Profit Margin

Las Vegas Sands

15.22

3.69

20.97%

111.13

21.72%

13.68%

Wynn Resorts

17.63

2.49

224.25%

2,105.40

21.72%

10.81%

MGM Resorts International

132.50

0.76

-16.02%

173.76

10.40%

-17.41%

Advantage

Las Vegas Sands

MGM

Wynn

Las Vegas Sands

Las Vegas Sands, Wynn

Las Vegas Sands

Source: Yahoo Finance, 6/25/2013

Las Vegas Sands has the least debt, the best margins, and the cheapest P/E valuation. Its lower debt also insulates it slightly from rising interest rates.

The price of doing business

Yet those positive fundamentals only tell half the story. Las Vegas Sands is currently under investigation by the SEC regarding a possible violation of the Foreign Corrupt Practices Act. The company is being investigated regarding the possible bribery of foreign officials in Macau, as well as money-laundering allegations regarding two of its VIP high-rollers. These allegations originated from Steve Jacobs, the former CEO of Sands China, who filed a wrongful termination suit against CEO Sheldon Adelson after he was dismissed in 2010.

Las Vegas Sands is not the first company to come under SEC scrutiny. Last year, Wynn Resorts was probed regarding large donations to the University of Macau to support its new Asia-Pacific Academy of Economics and Management. Wynn made an initial donation of $25 million to the school, with a promise to donate $10 million annually between 2012 and 2022. Critics have claimed that those donations, aimed at currying the favor of the casino-license granting Macau government, constitute a violation of the Foreign Corrupt Practices Act.

Meanwhile, MGM was banned from expanding into Atlantic City after state regulators accused it of cultivating ties to Asian organized crime. New Jersey state regulators questioned MGM’s partnership with Pansy Ho, the daughter of Chinese-Canadian casino tycoon Stanley Ho, who has been rumored to have ties to the Hong Kong triads. Ho has denied these allegations.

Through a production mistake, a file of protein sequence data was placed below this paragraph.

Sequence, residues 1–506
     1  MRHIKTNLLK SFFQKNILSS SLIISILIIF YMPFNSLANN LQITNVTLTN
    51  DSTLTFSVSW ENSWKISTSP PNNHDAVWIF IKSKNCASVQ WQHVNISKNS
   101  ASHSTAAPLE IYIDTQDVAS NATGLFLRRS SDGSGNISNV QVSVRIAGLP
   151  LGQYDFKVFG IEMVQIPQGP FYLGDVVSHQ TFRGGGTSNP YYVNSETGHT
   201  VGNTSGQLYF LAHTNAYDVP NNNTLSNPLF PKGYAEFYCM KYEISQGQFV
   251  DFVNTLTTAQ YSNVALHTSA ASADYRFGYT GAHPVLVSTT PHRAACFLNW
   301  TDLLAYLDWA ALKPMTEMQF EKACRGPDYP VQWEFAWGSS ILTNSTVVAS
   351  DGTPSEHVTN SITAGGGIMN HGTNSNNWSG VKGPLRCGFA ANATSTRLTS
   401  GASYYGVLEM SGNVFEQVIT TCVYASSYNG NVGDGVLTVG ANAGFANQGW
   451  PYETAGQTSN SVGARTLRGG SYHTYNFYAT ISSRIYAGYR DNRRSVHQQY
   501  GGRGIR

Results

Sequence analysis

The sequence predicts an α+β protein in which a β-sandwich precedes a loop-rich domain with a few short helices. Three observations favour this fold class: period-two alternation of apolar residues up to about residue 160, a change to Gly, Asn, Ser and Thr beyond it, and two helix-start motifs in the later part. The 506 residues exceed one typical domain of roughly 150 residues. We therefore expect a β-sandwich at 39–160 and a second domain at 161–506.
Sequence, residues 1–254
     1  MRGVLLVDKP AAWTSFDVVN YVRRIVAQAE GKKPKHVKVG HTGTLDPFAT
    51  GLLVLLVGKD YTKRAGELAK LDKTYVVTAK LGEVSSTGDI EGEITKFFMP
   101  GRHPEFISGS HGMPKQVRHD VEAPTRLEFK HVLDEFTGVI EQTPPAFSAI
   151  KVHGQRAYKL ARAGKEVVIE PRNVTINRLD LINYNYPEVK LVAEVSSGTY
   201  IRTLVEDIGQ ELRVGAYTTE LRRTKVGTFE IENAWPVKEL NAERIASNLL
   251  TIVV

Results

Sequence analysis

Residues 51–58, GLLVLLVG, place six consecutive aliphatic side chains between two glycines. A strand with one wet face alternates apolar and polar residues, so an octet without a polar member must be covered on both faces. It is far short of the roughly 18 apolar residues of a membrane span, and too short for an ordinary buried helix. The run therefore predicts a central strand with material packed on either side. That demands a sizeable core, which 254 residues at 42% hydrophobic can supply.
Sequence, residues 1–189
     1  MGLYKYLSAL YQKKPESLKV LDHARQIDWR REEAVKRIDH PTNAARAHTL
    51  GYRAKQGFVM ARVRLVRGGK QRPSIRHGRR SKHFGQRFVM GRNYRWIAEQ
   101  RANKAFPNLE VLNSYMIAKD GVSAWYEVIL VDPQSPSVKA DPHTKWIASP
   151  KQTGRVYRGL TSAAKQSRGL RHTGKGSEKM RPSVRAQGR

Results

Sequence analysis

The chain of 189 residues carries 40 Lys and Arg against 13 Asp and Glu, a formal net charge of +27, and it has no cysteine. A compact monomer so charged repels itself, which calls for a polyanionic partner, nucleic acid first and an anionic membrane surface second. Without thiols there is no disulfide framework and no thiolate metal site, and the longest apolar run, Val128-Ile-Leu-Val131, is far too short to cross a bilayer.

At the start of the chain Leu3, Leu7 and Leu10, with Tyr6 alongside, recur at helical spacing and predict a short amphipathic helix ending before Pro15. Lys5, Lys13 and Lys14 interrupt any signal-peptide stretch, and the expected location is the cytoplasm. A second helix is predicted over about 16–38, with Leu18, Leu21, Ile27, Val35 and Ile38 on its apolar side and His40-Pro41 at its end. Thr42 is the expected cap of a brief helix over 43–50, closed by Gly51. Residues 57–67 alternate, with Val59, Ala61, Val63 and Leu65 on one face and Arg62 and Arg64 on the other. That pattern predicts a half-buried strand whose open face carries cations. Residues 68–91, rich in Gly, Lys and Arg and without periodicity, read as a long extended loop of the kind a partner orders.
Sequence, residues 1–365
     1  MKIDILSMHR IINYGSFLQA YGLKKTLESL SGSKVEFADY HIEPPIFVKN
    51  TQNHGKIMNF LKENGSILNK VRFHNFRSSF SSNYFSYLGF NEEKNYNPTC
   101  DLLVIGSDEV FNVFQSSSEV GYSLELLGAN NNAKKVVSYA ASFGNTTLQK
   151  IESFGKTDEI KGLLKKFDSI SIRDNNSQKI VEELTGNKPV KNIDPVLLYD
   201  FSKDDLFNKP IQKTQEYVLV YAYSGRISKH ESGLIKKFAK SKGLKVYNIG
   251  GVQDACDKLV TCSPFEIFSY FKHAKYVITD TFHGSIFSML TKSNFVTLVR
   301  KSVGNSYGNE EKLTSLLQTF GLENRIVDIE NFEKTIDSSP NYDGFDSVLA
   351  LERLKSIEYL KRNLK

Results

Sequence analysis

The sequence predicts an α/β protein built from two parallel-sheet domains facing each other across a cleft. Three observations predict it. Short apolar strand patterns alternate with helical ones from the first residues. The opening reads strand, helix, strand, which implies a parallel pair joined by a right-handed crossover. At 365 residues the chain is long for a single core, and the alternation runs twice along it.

Casino operators have long dealt with the grayer areas of society, whether in Las Vegas or Macau. Wining and dining VIP high rollers with posh junkets and cozying up to local officials has long been “the price of doing business” for casinos. However, investors should be aware that the SEC is sending out a clear warning that these casino companies can’t carry on in Macau like its Las Vegas circa 1970.

The Foolish Bottom Line

In the end, investing in Las Vegas Sands is a bit of a gamble. On one hand, it is a rapidly growing company that is entrenched in two of the most lucrative gambling hotspots in the world - Macau and Singapore. On the other hand, it has raised the ire of aggressive SEC regulators and faces a possible credit crunch in China.

Investors should recall what happened to casino operators during the last credit crunch in the United States to get a grim picture of what could happen to Las Vegas Sands, Wynn and MGM in a worst-case scenario. However, patient investors who believe that Macau’s growth will continue despite macro challenges should consider investing in Las Vegas Sands, since it is much better positioned for long-term growth than its rivals.

For many companies, successfully capitalizing on a booming Chinese economy is like winning the jackpot. That's indeed the case for gaming company Las Vegas Sands, which made a big bet on Macau gaming about a decade ago that's paid off in spades. The company is now looking to spread its empire further, but will it be able to replicate its prior successes? Learn about all these opportunities, and the risks they pose, in our premium report on Las Vegas Sands. Be sure to claim your copy today by clicking here.


Leo Sun has no position in any stocks mentioned. The Motley Fool has no position in any of the stocks mentioned. Try any of our Foolish newsletter services free for 30 days. We Fools may not all hold the same opinions, but we all believe that considering a diverse range of insights makes us better investors. The Motley Fool has a disclosure policy. Is this post wrong? Click here. Think you can do better? Join us and write your own!